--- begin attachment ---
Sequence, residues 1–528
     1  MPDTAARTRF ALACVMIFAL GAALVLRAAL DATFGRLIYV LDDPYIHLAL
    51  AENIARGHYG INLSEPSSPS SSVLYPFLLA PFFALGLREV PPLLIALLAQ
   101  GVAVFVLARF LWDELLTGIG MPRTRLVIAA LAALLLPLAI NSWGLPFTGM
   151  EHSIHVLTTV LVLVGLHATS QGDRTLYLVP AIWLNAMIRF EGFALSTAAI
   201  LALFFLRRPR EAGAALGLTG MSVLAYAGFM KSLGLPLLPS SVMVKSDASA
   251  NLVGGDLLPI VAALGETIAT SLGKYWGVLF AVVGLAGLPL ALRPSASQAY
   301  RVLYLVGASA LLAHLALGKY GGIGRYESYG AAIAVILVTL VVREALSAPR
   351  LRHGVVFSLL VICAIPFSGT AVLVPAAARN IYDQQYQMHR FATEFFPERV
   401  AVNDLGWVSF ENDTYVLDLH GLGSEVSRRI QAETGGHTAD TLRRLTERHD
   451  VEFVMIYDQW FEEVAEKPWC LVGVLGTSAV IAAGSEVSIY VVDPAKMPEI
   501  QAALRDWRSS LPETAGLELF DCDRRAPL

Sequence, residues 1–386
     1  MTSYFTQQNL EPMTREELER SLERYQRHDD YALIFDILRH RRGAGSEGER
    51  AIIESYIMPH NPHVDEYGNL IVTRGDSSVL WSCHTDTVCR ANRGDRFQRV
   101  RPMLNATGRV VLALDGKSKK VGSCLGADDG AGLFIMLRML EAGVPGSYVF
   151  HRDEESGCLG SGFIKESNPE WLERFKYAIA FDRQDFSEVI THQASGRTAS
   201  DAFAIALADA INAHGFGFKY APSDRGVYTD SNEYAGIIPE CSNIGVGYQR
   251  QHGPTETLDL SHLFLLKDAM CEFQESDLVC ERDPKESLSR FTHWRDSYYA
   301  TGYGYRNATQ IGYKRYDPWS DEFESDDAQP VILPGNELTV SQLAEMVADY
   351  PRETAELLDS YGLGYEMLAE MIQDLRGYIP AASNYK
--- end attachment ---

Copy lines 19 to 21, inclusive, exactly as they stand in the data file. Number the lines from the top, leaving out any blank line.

   251  QHGPTETLDL SHLFLLKDAM CEFQESDLVC ERDPKESLSR FTHWRDSYYA
   301  TGYGYRNATQ IGYKRYDPWS DEFESDDAQP VILPGNELTV SQLAEMVADY
   351  PRETAELLDS YGLGYEMLAE MIQDLRGYIP AASNYK